By Cheryl Felicia Rhoads

NIGHT AT THE MUSEUM: THE BATTLE OF THE SMITHSONIAN premiered at The National Air and Space Museum in Washington DC to a glittering array of celebrities and political figures on Thursday May 14th.

Director Shawn Levy revealed at a press conference held the morning after the world premiere that this latest museum saga was inspired by Amelia Earhart’s book FOR THE FUN OF IT. He said that the title of her book inspired the movie’s message that the “key to happiness” is “to do what you love with people you love.”

Along with cast members, Ben Stiller (Larry Daley), Owen Wilson (Jedediah), Robin Williams (Teddy Roosevelt), Amy Adams (Amelia Earhart), Ricky Gervais (Dr. McPhee), Hank Azaria (Kahmunrah), Alain Chabat  and the writers, Robert Ben Garant and Thomas Lennon (who also portrayed The Wright Brothers), Levy fielded questions from an enthused Washington DC press corp.

Among so many comedians, like Stiller, Williams, Gervais, and Azaria, the other filmmakers often just sat back and laughed as the lightning quick funnymen around them spun off topic and provided a separate entertainment all on their own.

Azaria demanded he get equal time to pontificate after British comedian Ricky Gervaise and the irrepressible Robin Williams often went off topic into their usual zany commentary. Then, Gervaise teased him unmercifully, declaring Azaria to be “the greatest actor who ever lived” and over the top glowing praise of his cast mate in an attempt to keep him from complaining about his inability to get a word in edgewise. No such luck as Azaria finally replied, “And now it is my turn to talk!”

In a serious moment, Gervais offered that he “loves America,” and he wanted to take the American flag home with him from the Smithsonian. He also indicated that he wanted to be adopted by an American family.

Williams characteristically spun off into a parody of a public service announcement with a plea to “Please adopt Ricky Gervais! Angelina Jolie, our lines are open!”

With so many lightning quick comedic minds in one film, never mind one panel, Director Levy commented that there was so much great improvisational material that it was hard to know what to edit.

Ben Stiller interjected one such instance involved a scene between Stiller and the actor who played a security guard named Brandon who insisted his name was pronounced “Brundon.” If Levy had his way, the scene would have gone on eleven minutes, which Stiller pointed out would have been far too long for such a small scene. However, even lines that were hilarious needed to be sacrificed in order to move the plot along.

When asked who made the decision to cast them as aviators and siblings Orville and Wilbur Wright, the screenwriters Garant and Lennon spun off into an improvisation of their own. Claiming that they had envisioned “a dream ballet as the Wright Brothers that would be a fifteen minute interlude,” they showed that they were indeed a fit with many of the more well-known comic-actor panelists. The two finally came back to earth as they admitted it was Shawn Levy’s idea to use them. But, at least they got to join the general free-for-all that passed for a press conference, as it was clear with this group, these guys were lucky if any of their original script was used at all!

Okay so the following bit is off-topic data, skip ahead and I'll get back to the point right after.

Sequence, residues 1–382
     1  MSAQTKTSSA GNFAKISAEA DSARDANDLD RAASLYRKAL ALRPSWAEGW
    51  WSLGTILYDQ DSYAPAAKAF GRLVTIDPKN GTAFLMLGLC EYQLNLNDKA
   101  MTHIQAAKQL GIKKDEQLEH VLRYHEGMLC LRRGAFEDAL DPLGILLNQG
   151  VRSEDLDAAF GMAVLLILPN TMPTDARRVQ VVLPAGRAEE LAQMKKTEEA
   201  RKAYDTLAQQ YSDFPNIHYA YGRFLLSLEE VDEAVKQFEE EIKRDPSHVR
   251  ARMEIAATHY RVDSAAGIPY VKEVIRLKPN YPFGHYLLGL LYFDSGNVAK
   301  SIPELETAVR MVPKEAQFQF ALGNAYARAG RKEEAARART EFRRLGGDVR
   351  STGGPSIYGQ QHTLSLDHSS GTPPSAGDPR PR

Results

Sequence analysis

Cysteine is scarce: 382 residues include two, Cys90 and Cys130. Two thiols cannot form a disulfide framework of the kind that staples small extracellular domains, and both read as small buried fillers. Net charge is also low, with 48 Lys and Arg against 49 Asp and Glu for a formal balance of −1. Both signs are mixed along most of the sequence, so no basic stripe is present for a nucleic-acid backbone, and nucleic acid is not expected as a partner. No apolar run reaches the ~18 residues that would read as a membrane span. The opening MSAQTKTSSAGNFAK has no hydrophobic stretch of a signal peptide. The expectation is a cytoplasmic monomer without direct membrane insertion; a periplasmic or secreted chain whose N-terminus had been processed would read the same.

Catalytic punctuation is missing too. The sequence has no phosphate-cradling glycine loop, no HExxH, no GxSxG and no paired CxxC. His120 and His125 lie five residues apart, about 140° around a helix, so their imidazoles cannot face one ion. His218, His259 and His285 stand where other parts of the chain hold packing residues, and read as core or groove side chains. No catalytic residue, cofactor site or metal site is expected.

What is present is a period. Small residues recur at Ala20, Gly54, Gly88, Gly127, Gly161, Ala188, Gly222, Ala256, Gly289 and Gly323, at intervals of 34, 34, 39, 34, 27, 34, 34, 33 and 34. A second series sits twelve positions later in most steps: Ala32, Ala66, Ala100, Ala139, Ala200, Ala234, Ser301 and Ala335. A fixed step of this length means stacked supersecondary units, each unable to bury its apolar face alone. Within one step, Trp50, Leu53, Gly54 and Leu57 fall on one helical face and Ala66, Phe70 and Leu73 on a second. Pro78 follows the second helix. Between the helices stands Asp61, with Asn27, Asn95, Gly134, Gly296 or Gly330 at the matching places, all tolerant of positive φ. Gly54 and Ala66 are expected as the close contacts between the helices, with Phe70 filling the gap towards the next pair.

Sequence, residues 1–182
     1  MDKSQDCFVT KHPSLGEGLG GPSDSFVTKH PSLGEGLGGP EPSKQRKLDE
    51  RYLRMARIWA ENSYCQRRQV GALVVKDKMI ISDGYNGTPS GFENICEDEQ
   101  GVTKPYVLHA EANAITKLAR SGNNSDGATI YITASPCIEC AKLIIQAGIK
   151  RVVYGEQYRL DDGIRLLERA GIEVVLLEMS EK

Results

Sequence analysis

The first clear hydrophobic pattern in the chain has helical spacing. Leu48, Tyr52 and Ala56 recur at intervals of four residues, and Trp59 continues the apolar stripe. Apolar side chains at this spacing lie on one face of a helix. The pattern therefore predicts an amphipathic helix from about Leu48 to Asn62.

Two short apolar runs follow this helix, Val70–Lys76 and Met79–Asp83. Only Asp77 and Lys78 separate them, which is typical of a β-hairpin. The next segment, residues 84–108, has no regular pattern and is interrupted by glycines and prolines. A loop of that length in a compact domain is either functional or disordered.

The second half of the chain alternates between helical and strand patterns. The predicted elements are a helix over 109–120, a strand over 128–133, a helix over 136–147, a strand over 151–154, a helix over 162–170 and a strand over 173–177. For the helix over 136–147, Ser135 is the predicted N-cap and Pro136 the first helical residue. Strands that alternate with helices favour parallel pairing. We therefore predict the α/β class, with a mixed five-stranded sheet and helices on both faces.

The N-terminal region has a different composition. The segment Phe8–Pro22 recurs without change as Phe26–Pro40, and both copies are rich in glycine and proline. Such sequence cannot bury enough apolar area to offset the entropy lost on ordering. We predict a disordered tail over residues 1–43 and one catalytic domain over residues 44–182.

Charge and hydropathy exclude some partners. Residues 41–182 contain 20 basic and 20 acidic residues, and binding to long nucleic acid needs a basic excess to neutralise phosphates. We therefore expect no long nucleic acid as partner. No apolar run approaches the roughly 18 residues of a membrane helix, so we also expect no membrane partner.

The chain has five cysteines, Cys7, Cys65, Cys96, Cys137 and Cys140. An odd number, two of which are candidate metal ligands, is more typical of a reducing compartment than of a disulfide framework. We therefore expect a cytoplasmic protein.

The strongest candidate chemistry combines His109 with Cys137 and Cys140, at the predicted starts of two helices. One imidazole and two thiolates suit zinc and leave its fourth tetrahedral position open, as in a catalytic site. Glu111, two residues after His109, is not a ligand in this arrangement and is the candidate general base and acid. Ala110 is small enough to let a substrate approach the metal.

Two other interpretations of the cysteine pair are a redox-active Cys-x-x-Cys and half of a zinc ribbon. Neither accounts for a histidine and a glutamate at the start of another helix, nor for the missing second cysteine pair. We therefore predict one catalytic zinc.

Meanwhile, fellow performers Owen Wilson and Amy Adams played the interview fairly straight as they were truly the ones who (unlike Hank Azaria’s put on snit) rarely got a chance to say anything. However, it was clear that Adams was having the time of her life, and she commented that she was “really enjoying” her career right now. (Indeed and with this gang – who wouldn’t?)

Finally, in discussing favorite moments while filming in the nation’s capitol, Ben Stiller was asked what he would remember most about the experience.

Stiller reflected that at one point at night he and Adams were shooting a chase scene near The Lincoln Memorial. He gazed at the actors dressed up as the Streltsy Russian guards for Christopher Guest’s “Ivan The Terrible” character who, chase the hero and heroine around the museums. As these Russian versions of the Musketeers searched the grounds with lanterns looking for their quarry, Stiller was awed by the contrast.

“Here were these ancient Russian soldiers, with a backdrop of The Lincoln Memorial! It was so cool!”

Apparently, the scene stuck in his mind long after the shoot was done. Ironically, the night before, this reporter had in fact attended the Red Carpet premiere accompanied by one of the said Russian guards (although sans any lantern. That actor friend explained to me that the plural of Streltsy is. . . Streltsy. So, it must have been quite a sight as Stiller marveled at the Streltsy, as he had viewed six of these ancient warriors in all, juxtaposed in a modern day Washington DC late spring night.

From the laughter and enthusiasm in evidence that morning in the Castle building of the Smithsonian complex, it would appear that Shawn Levy and his cast were indeed doing what they loved. And, if they were not doing it with people they necessarily love, they certainly seemed to be enjoying each other’s company.

As Amy Adams reflected, they are most likely “very much enjoying” their careers right now!


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